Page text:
- When the elements are in lower oxidation states, they can be found as simple ions. However, transition metals in higher oxidation states are usually bonded covalently to electronegative elements like oxygen or fluorine, forming polyatomic ions such as chromate, vanadate, or permanganate.
Other properties with respect to the stability of oxidation states:
- Ions in higher oxidation states tend to make good oxidizing agents, whereas elements in low oxidation states become reducing agents.
- The 2+ ions across the period start as strong reducing agents and become more stable.
- The 3+ ions start stable and become more oxidizing across the period.
Transition metals form good homogeneous or heterogeneous catalysts, for example iron is the catalyst for the Haber process. Vanadium(V) oxide is used for the contact process, nickel is used to make margarine and platinum is used to speed up the manufacture of nitric acid. This is because they are able to form numerous oxidation states, and as such, are able to form new compounds during a reaction providing an alternative route with a lower overall activation energy.
We observe color as varying frequencies of electromagnetic radiation in the visible region of the electromagnetic spectrum. Different colors result from the changed composition of light after it has been reflected, transmitted or absorbed after hitting a substance. Because of their structure, transition metals form many different colored ions and complexes. Color even varies between the different ions of a single element - MnO4− (Mn in oxidation state 7+) is a purple compound, whereas Mn2+ is pale-pink.
Coordination by ligands can play a part in determining color in a transition compound, due to changes in energy of the d orbitals. Ligands remove degeneracy of the orbitals and split them in to higher and lower energy groups. The energy gap between the lower and higher energy orbitals will determine the color of light that is absorbed, as electromagnetic radiation is only absorbed if it has energy corresponding to that gap. When a ligated ion absorbs light, some of the electrons are promoted to a higher energy orbital. Since different frequency light is absorbed, different colors are observed.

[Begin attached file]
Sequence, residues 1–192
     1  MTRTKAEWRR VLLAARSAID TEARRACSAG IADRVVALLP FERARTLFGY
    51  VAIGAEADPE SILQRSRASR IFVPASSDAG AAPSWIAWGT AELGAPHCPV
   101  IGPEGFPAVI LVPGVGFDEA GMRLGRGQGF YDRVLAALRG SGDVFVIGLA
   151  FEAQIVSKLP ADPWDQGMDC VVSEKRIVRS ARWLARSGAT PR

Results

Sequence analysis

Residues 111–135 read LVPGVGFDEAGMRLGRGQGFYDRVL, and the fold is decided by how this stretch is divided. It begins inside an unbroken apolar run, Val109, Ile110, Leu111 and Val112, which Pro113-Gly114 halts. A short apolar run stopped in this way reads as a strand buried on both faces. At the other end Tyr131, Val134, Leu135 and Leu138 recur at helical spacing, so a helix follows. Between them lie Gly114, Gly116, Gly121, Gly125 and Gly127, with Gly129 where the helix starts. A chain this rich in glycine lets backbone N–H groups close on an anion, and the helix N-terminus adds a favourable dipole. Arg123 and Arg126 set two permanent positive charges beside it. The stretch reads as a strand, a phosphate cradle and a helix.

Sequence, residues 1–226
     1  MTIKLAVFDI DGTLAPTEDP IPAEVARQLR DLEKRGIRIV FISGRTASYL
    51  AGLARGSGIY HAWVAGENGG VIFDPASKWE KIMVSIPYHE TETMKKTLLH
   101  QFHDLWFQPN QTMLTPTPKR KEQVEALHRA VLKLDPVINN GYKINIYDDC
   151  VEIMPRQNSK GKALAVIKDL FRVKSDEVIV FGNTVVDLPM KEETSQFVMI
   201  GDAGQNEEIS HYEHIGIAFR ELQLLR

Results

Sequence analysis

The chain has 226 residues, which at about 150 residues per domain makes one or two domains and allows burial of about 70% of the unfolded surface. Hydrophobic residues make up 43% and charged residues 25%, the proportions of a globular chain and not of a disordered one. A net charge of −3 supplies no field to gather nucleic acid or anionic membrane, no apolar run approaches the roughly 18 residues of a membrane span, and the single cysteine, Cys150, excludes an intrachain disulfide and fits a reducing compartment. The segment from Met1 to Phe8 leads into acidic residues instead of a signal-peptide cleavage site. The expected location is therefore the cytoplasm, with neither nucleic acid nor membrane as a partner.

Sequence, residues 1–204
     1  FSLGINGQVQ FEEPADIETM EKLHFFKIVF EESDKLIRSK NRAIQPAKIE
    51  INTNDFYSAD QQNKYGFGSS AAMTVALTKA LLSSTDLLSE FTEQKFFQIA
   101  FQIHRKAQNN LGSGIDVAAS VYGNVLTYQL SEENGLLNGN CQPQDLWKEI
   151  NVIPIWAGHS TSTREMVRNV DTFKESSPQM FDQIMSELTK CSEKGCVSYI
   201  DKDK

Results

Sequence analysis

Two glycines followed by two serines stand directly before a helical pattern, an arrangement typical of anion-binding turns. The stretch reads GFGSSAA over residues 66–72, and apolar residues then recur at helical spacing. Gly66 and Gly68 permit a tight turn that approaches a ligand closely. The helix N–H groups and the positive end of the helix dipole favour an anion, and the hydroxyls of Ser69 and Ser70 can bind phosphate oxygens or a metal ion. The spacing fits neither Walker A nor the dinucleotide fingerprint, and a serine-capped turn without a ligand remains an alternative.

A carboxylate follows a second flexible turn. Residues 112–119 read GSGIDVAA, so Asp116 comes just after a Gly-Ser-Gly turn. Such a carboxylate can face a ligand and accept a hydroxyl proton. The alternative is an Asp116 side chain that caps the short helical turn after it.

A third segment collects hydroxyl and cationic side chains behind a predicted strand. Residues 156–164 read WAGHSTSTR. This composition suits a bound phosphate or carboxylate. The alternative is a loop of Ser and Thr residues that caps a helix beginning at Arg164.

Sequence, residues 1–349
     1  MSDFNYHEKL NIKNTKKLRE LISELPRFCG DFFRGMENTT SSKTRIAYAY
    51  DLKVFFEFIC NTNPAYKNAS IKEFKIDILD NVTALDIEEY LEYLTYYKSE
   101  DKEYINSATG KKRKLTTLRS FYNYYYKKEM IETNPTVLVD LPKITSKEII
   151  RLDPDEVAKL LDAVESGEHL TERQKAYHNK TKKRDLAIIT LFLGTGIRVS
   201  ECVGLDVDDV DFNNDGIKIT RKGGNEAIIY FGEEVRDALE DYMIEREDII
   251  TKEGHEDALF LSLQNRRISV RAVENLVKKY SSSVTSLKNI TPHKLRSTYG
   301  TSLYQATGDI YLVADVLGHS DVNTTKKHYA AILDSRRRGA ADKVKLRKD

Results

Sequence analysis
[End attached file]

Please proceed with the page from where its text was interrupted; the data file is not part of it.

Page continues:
The color of a complex depends on:
- the nature of the metal ion, specifically the number of electrons in the d orbitals
- the arrangement of the ligands around the metal ion (for example geometric isomers can display different colors)
- the nature of the ligands surrounding the metal ion. The stronger the ligands then the greater the energy difference between the split high and low 3d groups.
The complex ion formed by the d block element zinc (though not strictly a transition element) is colorless, because the 3d orbitals are full - no electrons are able to move up to the higher group.
- periodic table of the elements
- inner transition element, a name given to any member of the f-block
- bioinorganic chemistry
- crystal field theory describes the magnetic and optical properties of complexes
- ↑ Cotton, F. Albert; Wilkinson, G.; Murillo, C. A. (1999). Advanced Inorganic Chemistry (6th ed.). New York: Wiley.
- ↑ http://www.jce.divched.org/Journal/Issues/2005/Nov/abs1660.html
|Layouts||Standard · Vertical · Full names · Names and atomic masses · Text for last · Huge table · Metals and nonmetals · Blocks · Valences · Inline f-block · 218 elements · Electron configurations · Atomic masses · Electronegativities · Alternatives|
|Lists of elements||Name · Atomic symbol · Atomic number · Boiling point · Melting point · Density · Atomic mass|
|Groups||1 · 2 · 3 · 4 · 5 · 6 · 7 · 8 · 9 · 10 · 11 · 12 · 13 · 14 · 15 · 16 · 17 · 18|
|Periods:||1 · 2 · 3 · 4 · 5 · 6 · 7 · 8|
|Series||Alkalis · Alkaline earths · Lanthanides · Actinides · Transition metals · Poor metals · Metalloids · Nonmetals · Halogens · Noble gases|
|Blocks||s-block · p-block · d-block · f-block · g-block|